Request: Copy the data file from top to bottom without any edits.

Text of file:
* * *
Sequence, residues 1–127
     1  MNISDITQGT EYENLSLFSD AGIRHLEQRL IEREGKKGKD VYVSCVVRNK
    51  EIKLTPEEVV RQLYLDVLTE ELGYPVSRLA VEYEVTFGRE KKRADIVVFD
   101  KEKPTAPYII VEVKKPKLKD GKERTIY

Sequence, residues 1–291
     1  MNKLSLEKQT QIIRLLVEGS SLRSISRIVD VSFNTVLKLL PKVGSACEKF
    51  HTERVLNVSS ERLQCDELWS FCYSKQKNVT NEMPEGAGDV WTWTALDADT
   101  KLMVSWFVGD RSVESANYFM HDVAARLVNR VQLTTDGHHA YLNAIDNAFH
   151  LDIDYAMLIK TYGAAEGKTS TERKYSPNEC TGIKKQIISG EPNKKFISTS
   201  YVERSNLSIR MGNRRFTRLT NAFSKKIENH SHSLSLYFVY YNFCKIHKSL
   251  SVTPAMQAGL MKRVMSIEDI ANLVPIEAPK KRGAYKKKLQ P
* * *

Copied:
Sequence, residues 1–127
     1  MNISDITQGT EYENLSLFSD AGIRHLEQRL IEREGKKGKD VYVSCVVRNK
    51  EIKLTPEEVV RQLYLDVLTE ELGYPVSRLA VEYEVTFGRE KKRADIVVFD
   101  KEKPTAPYII VEVKKPKLKD GKERTIY

Sequence, residues 1–291
     1  MNKLSLEKQT QIIRLLVEGS SLRSISRIVD VSFNTVLKLL PKVGSACEKF
    51  HTERVLNVSS ERLQCDELWS FCYSKQKNVT NEMPEGAGDV WTWTALDADT
   101  KLMVSWFVGD RSVESANYFM HDVAARLVNR VQLTTDGHHA YLNAIDNAFH
   151  LDIDYAMLIK TYGAAEGKTS TERKYSPNEC TGIKKQIISG EPNKKFISTS
   201  YVERSNLSIR MGNRRFTRLT NAFSKKIENH SHSLSLYFVY YNFCKIHKSL
   251  SVTPAMQAGL MKRVMSIEDI ANLVPIEAPK KRGAYKKKLQ P